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UNITED
NATIONS
E

        Economic and Social Council
Distr.
GENERAL
E/CN.4/2000/SR.5
14 June 2000

ENGLISH

COMMISSION ON HUMAN RIGHTS

Fifty-sixth session

SUMMARY RECORD OF THE 5th MEETING

Held at the Palais des Nations, Geneva,

on Wednesday, 22 March 2000, at 3 p.m.

Chairperson : Mr. SIMKHADA (Nepal)

CONTENTS


/…

THE RIGHT OF PEOPLES TO SELF-DETERMINATION AND ITS APPLICATION TO PEOPLES UNDER COLONIAL OR ALIEN DOMINATION OR FOREIGN OCCUPATION ( continued)


The meeting was called to order at 3.10 p.m.

/…

THE RIGHT OF PEOPLES TO SELF-DETERMINATION AND ITS APPLICATION TO PEOPLES UNDER COLONIAL OR ALIEN DOMINATION OR FOREIGN OCCUPATION (agenda item 5) ( continued ) (E/CN.4/2000/13, E/CN.4/2000/14 and Corr.1, E/CN.4/2000/NGO/66, 67 and 68)

36. Mr. QIAO ZONGHUI (China) …

/…

37. In the Middle East, the key to peace and stability lay in restoring the rights of the Palestinian people, including its right to self-determination and to a just solution of the Palestinian question. It had to be hoped that the parties concerned would adopt a flexible and pragmatic approach, so as to promote progress in the Middle East peace process on the basis of the United Nations resolutions and the agreements existing between them.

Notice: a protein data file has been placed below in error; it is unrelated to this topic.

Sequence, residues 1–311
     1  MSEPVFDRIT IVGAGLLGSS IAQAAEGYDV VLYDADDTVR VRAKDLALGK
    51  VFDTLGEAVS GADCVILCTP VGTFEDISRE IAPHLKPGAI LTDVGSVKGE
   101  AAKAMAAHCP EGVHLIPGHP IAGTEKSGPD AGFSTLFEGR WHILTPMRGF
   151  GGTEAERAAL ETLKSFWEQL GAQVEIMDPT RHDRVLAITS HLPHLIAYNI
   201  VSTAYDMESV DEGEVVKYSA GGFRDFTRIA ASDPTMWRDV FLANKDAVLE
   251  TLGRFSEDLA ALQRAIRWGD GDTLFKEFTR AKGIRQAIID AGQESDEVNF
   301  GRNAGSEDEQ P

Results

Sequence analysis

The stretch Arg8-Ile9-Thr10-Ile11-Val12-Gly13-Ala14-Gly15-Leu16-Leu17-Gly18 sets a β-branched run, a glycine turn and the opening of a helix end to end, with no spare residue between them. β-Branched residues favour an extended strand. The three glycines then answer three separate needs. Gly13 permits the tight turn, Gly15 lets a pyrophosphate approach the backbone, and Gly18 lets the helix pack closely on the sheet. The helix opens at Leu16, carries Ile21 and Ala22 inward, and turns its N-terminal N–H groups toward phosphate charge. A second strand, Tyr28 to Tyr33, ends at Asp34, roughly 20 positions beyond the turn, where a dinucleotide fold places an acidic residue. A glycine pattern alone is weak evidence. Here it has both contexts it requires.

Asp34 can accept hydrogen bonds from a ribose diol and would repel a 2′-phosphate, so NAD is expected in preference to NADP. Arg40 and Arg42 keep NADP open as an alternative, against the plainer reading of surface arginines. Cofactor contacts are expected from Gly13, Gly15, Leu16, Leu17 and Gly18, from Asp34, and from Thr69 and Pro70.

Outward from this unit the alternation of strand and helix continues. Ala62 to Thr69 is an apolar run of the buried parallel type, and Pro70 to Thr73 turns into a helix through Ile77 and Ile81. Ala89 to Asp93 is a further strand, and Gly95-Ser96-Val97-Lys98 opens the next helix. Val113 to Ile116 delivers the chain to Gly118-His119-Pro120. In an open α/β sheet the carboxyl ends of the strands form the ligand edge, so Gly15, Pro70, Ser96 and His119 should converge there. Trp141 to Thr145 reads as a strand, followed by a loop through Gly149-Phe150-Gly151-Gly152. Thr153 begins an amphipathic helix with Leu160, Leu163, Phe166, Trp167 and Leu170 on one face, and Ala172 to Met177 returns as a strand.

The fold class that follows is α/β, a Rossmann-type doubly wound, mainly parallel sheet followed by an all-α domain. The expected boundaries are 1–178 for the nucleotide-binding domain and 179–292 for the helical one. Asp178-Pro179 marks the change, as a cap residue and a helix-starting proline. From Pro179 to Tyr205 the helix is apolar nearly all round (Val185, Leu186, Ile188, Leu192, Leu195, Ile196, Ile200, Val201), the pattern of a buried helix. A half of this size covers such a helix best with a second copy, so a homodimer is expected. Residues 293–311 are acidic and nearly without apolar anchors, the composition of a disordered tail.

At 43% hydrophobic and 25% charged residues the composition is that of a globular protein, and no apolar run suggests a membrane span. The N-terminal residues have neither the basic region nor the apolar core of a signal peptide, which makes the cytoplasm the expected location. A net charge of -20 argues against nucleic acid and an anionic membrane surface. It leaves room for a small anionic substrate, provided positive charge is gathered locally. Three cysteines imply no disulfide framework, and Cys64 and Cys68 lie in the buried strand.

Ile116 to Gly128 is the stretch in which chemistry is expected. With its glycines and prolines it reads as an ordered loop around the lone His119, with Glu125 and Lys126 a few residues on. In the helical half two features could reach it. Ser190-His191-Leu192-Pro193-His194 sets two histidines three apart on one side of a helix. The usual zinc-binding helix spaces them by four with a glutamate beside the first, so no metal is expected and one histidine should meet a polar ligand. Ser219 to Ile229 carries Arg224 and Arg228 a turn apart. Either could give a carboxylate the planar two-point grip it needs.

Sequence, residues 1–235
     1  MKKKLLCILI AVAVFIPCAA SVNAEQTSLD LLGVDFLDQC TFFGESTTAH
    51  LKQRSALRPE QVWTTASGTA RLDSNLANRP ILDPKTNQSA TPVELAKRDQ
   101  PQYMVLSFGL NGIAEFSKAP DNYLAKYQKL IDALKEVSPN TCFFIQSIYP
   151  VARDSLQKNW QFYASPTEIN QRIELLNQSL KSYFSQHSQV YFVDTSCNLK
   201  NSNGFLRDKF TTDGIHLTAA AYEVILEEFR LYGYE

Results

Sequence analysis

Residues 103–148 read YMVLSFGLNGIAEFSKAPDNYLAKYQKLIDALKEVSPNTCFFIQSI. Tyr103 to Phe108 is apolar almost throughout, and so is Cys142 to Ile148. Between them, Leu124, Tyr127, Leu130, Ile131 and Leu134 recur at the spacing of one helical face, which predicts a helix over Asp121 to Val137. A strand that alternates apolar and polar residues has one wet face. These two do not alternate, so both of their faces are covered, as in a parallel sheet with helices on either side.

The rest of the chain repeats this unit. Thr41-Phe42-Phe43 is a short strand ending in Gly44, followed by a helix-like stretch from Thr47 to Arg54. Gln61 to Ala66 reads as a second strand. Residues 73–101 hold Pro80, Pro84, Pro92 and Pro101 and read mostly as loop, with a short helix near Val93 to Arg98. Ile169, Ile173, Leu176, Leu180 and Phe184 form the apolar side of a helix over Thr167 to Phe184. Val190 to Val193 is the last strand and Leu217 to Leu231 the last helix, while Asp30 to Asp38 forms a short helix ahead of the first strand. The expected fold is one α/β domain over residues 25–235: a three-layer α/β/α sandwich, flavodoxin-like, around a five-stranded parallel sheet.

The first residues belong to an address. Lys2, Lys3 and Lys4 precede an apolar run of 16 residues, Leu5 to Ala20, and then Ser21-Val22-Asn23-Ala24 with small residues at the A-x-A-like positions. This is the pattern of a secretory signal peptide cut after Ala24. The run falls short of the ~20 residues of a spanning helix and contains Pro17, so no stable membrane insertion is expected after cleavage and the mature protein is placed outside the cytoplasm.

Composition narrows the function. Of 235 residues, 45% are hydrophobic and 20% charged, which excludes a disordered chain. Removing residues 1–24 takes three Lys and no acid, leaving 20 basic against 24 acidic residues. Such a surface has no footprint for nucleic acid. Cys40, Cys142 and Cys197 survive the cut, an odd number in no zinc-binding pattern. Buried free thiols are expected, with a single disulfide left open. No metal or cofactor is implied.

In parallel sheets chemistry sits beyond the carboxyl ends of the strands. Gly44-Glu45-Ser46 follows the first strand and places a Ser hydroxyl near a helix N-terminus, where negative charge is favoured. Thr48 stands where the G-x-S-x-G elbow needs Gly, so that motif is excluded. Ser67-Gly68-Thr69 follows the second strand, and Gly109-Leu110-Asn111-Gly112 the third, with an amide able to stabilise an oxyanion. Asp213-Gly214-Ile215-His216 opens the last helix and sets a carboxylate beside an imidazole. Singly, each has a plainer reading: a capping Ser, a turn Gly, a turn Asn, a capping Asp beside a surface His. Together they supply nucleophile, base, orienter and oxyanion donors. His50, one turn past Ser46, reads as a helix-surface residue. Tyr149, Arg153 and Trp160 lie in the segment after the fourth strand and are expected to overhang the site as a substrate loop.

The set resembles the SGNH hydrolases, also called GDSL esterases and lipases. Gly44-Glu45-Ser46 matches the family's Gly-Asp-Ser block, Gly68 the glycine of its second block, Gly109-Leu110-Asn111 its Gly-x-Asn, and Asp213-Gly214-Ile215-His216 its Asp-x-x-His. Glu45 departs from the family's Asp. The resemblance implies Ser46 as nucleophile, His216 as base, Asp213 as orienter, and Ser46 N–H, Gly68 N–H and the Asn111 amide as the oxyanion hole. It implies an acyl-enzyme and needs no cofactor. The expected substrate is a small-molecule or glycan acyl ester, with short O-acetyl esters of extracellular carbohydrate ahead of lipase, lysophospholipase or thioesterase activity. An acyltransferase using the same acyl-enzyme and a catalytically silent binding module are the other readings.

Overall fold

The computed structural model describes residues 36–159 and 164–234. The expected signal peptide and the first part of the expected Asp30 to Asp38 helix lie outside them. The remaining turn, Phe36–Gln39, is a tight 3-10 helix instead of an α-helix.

38. Mr. SUTOYO (Indonesia) noted that the human rights situation in the occupied Arab territories, including Palestine, was slowly improving, despite the flagrant violations committed by the Israeli Government, as could be seen from document E/CN.4/2000/22/Add.1, submitted by the Arab League. Real, albeit too slow, progress was under way, for example in the form of withdrawals from the West Bank. The deadlines for those withdrawals had not been respected and the difficulties that had arisen might lead to more violence. Many of the good intentions proclaimed had not actually materialized. All the parties should therefore be urged to return to the negotiating table and act decisively. The resumption of talks in Washington and the forthcoming meetings between Presidents Bill Clinton and Hafez El Assad should reinforce the impetus of the peace process.